Stephen Horenstein
Music, Arts and Society

What would YOU do with 3 million dollars?

What would you, what COULD you do with three million dollars? A good friend of my, Gerald (Gershon) Swirsky, just imagined that he won the lottery in Australia to the tune of three million dollars!!!  I feel so happy for him.  For some time now, Gershon has been diagnosed with stage 4 melanoma; 8 years ago they didn’t give him much hope, but he is STILL alive to day.  So even without the three million in my book he’s a winner!

I recently interviewed Gershon over coffee in Ben Ami (Emek Raphaim, Jerusalem).  This is our favorite hangout, primarily for people watching.  I love talking to Gershon, he’s a Renaissance man from New York, filled with stories about a time that both of us shared (the 60’s). At Ben Ami, the coffee is good too and the people watching is often interesting.  I start my the interview with the simple (and perhaps quite anticipated) question:  “”I’m totally flabbergasted that you have won this.  Now at the ripe old age of 72, what are you are going to do with that money?”.  Here’s what Gershon said:

GS “Well, I always wanted to take a cruise around the world:” SH “Would you want to invite your family”? GS “Yes, I would invite them all…”  SH “But that wouldn’t use up all the money?…GS “I’d also get a condo  in Nice, Cote D’Azur…SH “What would you do there?” GS I’d buy a International Herald Tribune and go the beach!.

(Judith Margolis)

Gershon continued: GS “Then I would decide what I would leave my kids in my will, because that will be soon, given my condition. After the condo, I would like to travel a lot, to Budapest, Prague (Kafka’s grave, he’s definitely one of my heroes, a lot of what’s going on today, especially with governments, the bureaucracy, Kafka said!)..  Yeh, I’d like to travel.  It would be nice traveling with someone in my family, if they had the time to go…What else would I do?  I definitely would think of one worthwhile charity to give the money to; which charity?. Cancer research. In 1969 I worked in an IBM medical lab on 116th street, on the other side from Columbia U.   I worked in basement, in the storehouse. One day I went up to the coffee shop for coffee and saw some papers lying on a table. A worker was ready to throw the papers in the garbage.   It was cancer research!  So I picked up the papers and brought it to the scientist to whom it belonged; he said he didn’t know where he had lost it.  And now, how many years later is it?  It”s amazing how long it’s been going on, that cancer research.”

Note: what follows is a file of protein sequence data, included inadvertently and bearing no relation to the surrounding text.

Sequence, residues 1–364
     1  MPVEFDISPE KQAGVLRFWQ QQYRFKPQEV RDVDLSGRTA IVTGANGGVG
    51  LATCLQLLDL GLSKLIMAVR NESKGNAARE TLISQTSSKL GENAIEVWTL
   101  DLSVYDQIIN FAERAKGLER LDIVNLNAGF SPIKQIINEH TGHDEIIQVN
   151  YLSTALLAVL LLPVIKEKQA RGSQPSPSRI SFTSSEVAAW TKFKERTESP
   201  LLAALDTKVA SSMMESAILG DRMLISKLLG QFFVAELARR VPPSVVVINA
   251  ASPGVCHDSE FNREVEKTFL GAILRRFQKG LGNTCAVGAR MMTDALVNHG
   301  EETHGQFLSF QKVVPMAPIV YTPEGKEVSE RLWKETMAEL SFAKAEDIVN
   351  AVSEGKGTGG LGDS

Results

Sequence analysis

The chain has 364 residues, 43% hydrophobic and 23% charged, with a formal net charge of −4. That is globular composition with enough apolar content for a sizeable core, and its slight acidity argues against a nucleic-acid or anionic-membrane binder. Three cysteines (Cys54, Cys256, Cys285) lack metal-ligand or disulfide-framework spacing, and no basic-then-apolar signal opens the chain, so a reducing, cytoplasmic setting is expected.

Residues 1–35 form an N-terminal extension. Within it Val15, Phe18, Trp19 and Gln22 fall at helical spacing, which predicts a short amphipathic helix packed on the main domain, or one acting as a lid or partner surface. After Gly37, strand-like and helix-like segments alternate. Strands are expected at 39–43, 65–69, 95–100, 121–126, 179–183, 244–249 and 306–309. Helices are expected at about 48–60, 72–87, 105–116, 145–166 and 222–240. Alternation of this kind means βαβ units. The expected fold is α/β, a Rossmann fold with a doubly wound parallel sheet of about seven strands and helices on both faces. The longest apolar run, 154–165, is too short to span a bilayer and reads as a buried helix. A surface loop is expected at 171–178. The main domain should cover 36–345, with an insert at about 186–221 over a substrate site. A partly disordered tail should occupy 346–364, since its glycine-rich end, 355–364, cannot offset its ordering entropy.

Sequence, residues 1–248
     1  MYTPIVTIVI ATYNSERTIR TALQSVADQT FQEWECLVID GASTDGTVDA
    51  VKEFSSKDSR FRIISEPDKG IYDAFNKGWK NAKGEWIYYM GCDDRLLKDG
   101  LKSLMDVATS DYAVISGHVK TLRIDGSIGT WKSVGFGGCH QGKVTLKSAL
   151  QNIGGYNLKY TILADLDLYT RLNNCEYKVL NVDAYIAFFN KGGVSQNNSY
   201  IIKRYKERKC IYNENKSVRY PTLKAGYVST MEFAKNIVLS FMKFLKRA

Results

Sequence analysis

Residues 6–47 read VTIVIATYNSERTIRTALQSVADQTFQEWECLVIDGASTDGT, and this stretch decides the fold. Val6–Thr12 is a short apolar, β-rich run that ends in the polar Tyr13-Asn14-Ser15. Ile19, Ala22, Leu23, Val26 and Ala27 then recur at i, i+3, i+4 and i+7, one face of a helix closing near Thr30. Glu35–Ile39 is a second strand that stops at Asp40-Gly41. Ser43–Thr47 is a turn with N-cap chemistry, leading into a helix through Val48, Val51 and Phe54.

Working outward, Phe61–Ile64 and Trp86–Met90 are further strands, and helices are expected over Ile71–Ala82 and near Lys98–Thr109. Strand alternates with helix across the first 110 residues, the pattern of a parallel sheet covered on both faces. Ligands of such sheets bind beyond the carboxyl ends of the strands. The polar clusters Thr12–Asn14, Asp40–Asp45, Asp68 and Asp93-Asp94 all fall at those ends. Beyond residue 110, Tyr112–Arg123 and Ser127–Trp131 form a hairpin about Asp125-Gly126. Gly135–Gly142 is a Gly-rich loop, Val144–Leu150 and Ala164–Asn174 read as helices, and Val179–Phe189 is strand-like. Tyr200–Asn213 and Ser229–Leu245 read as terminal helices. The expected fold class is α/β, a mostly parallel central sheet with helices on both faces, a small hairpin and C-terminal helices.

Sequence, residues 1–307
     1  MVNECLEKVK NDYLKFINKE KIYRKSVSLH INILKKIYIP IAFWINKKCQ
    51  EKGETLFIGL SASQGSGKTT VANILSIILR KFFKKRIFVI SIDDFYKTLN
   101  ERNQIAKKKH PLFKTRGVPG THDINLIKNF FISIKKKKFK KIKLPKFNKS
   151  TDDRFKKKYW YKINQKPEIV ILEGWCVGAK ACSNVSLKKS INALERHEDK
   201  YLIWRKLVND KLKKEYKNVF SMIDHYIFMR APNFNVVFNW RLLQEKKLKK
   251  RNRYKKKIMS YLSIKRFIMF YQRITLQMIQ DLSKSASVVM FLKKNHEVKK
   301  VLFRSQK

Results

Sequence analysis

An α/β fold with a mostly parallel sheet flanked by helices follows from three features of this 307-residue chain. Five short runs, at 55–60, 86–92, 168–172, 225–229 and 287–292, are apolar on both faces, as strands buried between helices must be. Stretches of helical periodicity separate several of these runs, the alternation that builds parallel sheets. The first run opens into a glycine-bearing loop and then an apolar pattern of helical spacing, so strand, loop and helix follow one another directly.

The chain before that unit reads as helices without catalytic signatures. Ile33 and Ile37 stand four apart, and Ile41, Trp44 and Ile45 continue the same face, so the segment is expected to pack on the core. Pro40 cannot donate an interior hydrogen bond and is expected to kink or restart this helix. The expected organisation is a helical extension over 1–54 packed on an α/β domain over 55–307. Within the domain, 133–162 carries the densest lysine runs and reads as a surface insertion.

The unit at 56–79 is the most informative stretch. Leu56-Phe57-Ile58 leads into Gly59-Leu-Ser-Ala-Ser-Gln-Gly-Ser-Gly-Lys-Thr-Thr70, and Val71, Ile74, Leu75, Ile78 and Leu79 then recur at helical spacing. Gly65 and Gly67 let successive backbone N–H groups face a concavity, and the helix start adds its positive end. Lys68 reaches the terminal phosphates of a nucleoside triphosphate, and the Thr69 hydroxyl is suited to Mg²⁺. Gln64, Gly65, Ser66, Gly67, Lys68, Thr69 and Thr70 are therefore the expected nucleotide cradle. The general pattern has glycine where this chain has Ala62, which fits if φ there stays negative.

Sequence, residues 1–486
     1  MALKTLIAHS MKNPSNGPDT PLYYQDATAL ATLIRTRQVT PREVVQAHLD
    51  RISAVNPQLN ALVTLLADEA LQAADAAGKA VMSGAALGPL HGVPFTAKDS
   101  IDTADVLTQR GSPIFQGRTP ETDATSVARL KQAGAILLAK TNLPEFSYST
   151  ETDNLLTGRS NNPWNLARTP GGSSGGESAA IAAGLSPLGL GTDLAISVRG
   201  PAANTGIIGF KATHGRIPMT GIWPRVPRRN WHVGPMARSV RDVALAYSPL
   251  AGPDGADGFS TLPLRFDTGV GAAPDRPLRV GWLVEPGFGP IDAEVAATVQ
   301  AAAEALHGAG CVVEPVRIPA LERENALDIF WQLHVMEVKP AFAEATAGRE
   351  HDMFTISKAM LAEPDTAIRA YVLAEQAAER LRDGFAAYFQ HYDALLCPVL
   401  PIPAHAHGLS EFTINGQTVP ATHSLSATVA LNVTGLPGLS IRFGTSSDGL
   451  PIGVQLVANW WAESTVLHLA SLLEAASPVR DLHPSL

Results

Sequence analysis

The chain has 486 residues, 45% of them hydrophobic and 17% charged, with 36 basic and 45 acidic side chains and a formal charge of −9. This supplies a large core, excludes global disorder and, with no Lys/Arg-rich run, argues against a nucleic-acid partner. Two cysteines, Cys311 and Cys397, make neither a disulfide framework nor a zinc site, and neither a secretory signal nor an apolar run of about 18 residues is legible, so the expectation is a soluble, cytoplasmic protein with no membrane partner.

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SH “Hey we should go on the radio”.  GS “Yeh have our own radio show, like Abbie Nathan”.  SH “Hey we should write a book”.  GS “Maybe about Moondog! (the mythical figure dressed in a viking costume; he stood outside MOMA in New York all the time, playing alto saxophone and selling his CD’sSH “Yeh, I saw him in person, and talked to him! He was great! But people were afraid of him.”

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Picture above: Moondog

And that’s how our morning conversations ususally go, with or without the three million dollars. While looking at Gershon’s beaming eyes, I silently reminisce about another friend, the late Black beat poet Ted Joans; I recall this following poem, which had an impact on me:


If you should see

a man walking

down a crowded street

talking aloud to himself

don’t run

in the opposite direction

but run toward him

for he is a POET!

You have NOTHING to fear

from the poet

but the Truth.

Conclusion: Everything in the above story is true, except of course the three mil, which in its imaginary grace led us on this journey of discovery.

About the Author
Stephen Horenstein is a composer, researcher and hermit. His repertoire of musical works has been performed and recorded worldwide. He is Founder and Director of the Jerusalem Institute of Contemporary Music, established in 1988 to bring the music of our time to a wider audience.
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